With this model, trainees have an opportunity to advance through different levels within the profession and encourage professional retention. Furthermore, there are many developed countries which regard a hearing aid dispenser as an independent practitioner rather than as a technician to an audiologist and the SHI training model is based on providing professional independence and validation for the different levels of service delivery within the audiology profession.

 

Title
Community Health Worker
Competencies: WFA® Community-based Hearing Health Care Ear inspection Case History Ear mopping Hearing aid cleaning and maintenance
Qualification: Certificate of Attendance

 

Title
Hearing Instrument Specialist
Competencies: All the above plus: Cerumen management Primary ear care Hearing evaluation Hearing aid fitting and verification on adults Public Health Planning
Qualification: Professional Certificate

 

Title
Hearing Health Specialist
Competencies: All the above plus: Paediatric hearing screening Paediatric evaluations under supervision Tinnitus Aural re/habilitation Ototoxicity monitoring Understanding Deaf culture Advanced counselling skills
Qualification: Diploma in Hearing Health Sciences

 

Title
Audiologist
Competencies: All the above plus: Advanced Audiological Testing ABR APD Pediatric evaluation, amplification and verification Vestibular evaluations and management services
Qualification: Bachelor’s Degree in Audiology

 

 

About our programme

The four-phase WFA® Community-based Hearing Healthcare model focuses on community-based interventions, and increasing access to hearing health services starting with patient identification in phase 1, hearing aid fitting in phase 2, follow-up and aftercare in phase 3, and culminating in an inclusive education and empowerment programme in phase 4. The model has been successful for patients to receive hearing healthcare services.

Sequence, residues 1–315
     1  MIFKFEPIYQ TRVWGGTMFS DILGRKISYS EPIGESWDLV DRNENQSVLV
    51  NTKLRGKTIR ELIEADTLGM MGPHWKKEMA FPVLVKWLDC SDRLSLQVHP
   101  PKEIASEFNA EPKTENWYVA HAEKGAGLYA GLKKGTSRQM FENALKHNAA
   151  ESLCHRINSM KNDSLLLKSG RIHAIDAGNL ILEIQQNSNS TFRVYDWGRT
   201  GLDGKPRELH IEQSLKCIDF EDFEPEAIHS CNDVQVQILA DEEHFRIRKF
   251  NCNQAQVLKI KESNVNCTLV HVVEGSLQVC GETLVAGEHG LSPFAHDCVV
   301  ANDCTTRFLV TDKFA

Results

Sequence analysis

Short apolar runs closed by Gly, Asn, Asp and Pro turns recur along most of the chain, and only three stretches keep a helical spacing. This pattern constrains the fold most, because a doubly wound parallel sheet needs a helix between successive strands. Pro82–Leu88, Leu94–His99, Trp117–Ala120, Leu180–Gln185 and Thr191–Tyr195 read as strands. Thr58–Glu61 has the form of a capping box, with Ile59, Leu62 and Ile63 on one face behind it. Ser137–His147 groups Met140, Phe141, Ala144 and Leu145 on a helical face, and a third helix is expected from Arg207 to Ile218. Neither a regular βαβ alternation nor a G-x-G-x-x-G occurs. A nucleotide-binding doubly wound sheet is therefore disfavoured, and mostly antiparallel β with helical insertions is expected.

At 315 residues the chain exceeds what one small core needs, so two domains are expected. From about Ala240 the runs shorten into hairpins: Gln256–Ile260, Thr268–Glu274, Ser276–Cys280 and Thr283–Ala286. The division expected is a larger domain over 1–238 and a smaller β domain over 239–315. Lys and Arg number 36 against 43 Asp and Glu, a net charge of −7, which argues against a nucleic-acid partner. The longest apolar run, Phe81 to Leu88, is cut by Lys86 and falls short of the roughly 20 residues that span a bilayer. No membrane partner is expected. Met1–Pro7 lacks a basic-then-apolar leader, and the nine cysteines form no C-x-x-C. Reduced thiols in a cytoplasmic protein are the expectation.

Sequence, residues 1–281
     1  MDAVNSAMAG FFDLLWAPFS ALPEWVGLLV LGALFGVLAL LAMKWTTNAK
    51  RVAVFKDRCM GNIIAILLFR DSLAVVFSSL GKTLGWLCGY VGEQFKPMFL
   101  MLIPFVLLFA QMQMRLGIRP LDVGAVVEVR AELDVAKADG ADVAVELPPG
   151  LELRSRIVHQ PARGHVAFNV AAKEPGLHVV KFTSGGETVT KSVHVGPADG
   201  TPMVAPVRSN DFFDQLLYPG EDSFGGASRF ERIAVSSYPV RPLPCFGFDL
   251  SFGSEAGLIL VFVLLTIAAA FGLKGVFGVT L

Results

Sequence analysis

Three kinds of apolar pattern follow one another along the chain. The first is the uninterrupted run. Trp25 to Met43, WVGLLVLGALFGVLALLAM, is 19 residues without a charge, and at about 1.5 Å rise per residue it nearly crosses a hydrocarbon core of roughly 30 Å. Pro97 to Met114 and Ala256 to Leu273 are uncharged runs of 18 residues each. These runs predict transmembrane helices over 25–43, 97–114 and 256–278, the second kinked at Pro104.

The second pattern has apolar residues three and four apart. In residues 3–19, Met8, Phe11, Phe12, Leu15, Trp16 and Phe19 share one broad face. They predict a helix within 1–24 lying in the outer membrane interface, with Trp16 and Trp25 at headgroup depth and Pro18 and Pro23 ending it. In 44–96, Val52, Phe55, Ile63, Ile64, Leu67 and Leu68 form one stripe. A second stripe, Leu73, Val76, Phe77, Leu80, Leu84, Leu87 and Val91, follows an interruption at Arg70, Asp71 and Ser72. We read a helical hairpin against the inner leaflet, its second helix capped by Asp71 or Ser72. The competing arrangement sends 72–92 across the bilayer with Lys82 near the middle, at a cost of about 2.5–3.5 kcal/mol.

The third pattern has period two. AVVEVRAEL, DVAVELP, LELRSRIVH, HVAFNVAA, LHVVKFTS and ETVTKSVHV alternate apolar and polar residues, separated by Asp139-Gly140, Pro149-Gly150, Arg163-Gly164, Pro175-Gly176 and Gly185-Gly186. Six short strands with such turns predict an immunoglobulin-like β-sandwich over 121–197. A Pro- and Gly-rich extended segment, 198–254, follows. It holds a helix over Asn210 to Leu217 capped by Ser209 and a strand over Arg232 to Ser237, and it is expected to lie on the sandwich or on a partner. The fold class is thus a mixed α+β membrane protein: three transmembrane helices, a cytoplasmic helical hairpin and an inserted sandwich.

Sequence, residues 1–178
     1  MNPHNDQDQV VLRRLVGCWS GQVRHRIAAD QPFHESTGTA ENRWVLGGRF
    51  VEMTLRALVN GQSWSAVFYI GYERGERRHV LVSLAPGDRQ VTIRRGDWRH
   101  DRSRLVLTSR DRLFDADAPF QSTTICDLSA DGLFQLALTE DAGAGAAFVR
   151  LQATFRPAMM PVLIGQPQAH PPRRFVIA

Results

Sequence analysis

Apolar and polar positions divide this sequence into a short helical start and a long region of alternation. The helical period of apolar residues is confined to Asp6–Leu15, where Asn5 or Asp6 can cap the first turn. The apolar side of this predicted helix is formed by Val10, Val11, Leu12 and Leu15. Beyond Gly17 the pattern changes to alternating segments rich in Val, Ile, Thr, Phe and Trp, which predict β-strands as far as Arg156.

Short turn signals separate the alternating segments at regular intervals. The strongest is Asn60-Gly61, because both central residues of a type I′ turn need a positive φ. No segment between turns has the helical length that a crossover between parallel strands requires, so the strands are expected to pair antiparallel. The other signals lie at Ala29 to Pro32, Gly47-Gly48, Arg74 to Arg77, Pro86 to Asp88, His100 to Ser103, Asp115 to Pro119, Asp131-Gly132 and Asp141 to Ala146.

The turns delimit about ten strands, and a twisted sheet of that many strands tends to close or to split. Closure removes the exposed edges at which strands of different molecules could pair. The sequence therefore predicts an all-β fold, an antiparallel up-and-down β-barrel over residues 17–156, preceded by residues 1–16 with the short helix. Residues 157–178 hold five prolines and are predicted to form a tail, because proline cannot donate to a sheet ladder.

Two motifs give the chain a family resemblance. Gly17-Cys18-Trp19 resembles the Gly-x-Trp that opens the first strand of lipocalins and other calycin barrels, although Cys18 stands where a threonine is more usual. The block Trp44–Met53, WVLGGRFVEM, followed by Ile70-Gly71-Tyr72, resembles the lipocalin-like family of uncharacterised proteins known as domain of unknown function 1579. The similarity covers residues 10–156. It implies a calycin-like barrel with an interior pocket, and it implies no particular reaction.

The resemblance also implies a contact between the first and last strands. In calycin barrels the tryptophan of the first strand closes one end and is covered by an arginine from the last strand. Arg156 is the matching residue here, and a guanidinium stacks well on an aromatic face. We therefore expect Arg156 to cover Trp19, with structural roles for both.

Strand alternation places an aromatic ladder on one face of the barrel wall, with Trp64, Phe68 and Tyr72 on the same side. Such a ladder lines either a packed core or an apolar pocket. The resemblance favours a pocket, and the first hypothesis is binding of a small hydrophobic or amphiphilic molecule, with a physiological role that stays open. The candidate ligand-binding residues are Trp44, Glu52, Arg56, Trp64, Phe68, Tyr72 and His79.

To aid in universal health coverage, SHI developed a curriculum that ensures appropriate competencies are provided to professionals at all levels within a health system. This starts from the community and progresses to tertiary-level audiology services.

“In most parts of Sub-Saharan Africa, no audiologists are available, which necessitates the training of independent practitioners to provide hearing care services”

The table above describes the various competencies as conceptualised for career advancement within the hearing healthcare profession.

Community health workers are the backbone of a health system. The training programme at this level takes one-to-two weeks and focuses primarily on identification of ear disease and hearing impairment with a strong emphasis on hearing loss prevention and hearing aid maintenance. Upon completion of the training, a certificate of attendance is provided to the trainees.